Now, let me be clear: the moral of ‘Beauty and the Beast’ is to not fall in love romantically with an undesirable person on purpose. People who are disadvantaged need to be lifted up. You don’t need to marry them or make them your best friend. But you do need to be kind and treat everyone with respect. And if someone you love needs help, let them know that you love them.

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And loving someone doesn’t mean that you approve of everything they do or you ignore the things they do wrong. You can invite them to change, and if they don’t you still love them. That’s the kind of love that Charity is.

The song “Beauty and the Beast” is about the miracle of finding romantic love. But it is also about the more important love that lies underneath, the change of heart that comes with getting to know another person and accepting them for who they are.  Relationships and friendships of every kind change us, some of them tremendously. And that process of developing love of any kind for another person has a strange beauty all its own. Learning to love, especially learning to love again after that feeling has been lost, is a miraculous, sometimes painful process. Acceptance in spite of the obstacles of human pride and frailty includes, but is not limited to, acceptance of oneself.

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Secondly, there is the theme of transformation, or more importantly redemption. No one is perfect, but there are some people who feel like their faults make them not as good as everyone else. What makes us imperfect can, in fact, make some people feel like monsters, and society often describes vice as being monstrous. People who sense their weakness want to change, to become better. Trying to change yourself can be difficult. We put in the effort, and it can seem like it isn’t working. But then suddenly doing things differently becomes easy. Our outlook is different. The burden is easier to carry. The force that creates this change is ultimately a power beyond our own. We do not control the change, we simply choose to allow it. 

‘Beauty and the Beast’ hints at the Christian awareness of human nature, the fact that our flaws make us “bestial” in the sight of God. Repentance and self-correction pave the way for Grace and forgiveness, affects that are very real but can be described as a supernatural and miraculous change that comes because of Love, especially Divine Love. And with becoming a different person, ironically, we discover our “true“ self. The change of heart and understanding is captured so beautifully by this story. It is through the actions of love—kindness to strangers, compassion to friends, the everyday patience between husband and wife, sacrifice and generosity, the mediation of Christ—that we do the things that change our nature. ‘Beauty and the Beast’ is evidence of the truth in the statement, “Fairy Tales are more than true, not because they tell us dragons exist, but because they tell us that dragons can be beaten.” People who love this story see it as evidence of this truth, even if they don’t understand it.  You don’t have to be a beast. You CAN overcome.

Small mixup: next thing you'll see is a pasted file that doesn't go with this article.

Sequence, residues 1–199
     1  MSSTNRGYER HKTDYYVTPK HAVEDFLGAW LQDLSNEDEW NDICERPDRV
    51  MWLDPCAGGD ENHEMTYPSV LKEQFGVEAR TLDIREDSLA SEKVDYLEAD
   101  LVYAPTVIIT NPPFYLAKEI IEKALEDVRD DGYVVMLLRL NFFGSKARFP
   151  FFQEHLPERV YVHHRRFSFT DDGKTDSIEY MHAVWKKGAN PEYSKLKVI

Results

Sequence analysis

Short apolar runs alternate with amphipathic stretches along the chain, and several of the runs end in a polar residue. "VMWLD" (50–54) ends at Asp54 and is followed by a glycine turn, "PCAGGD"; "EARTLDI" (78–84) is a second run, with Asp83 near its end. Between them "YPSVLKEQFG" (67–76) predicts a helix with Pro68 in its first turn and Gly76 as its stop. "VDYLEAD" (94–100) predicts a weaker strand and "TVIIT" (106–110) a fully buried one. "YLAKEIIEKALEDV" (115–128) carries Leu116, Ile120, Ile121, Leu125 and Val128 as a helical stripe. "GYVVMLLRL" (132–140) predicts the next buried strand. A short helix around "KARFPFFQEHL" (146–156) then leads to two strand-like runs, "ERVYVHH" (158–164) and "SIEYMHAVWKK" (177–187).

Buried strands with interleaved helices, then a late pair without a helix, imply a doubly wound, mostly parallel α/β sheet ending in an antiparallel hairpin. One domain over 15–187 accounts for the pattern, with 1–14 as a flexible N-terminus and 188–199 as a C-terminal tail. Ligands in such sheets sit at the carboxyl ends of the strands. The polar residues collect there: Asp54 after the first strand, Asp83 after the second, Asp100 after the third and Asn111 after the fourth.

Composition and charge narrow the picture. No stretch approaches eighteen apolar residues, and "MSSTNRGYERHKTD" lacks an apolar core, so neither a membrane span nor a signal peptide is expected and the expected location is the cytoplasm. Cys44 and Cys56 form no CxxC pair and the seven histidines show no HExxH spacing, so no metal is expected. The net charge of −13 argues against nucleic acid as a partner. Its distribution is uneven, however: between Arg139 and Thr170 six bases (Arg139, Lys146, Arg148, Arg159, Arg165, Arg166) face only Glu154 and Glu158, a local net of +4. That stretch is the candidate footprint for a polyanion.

The wonders of an enchanted castle are nothing in comparison to the real miracles that the story is about: coming to understand someone else, and having a change of heart. Wrongs can be righted, scars can be healed, opposition and pain can be removed. You think that change isn’t possible, and then suddenly you see the difference. It’s the reason I’m drawn to redemption stories, like that of Darth Vader/Anakin Skywalker, or The Winter Soldier/Bucky Barnes, but by now I’ve given you an earful about both of them in my other posts. Simply put, ‘Beauty and the Beast’ is a metaphor for redemption. It is a story that encourages us to believe in the impossible, especially when it comes to seeing the good in others.

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In the Beauty and the Beast reboot, Mrs. Potts sings the following at the finale that I think describes what I am trying to share with you.

“Winter turns to spring

Famine turns to feast

Nature points the way

Nothing more to say

Beauty and the Beast”